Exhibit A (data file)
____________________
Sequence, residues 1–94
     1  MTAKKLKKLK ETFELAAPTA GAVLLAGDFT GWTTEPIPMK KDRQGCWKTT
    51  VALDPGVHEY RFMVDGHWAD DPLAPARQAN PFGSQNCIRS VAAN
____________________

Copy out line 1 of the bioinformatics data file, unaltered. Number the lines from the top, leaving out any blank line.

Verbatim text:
Sequence, residues 1–94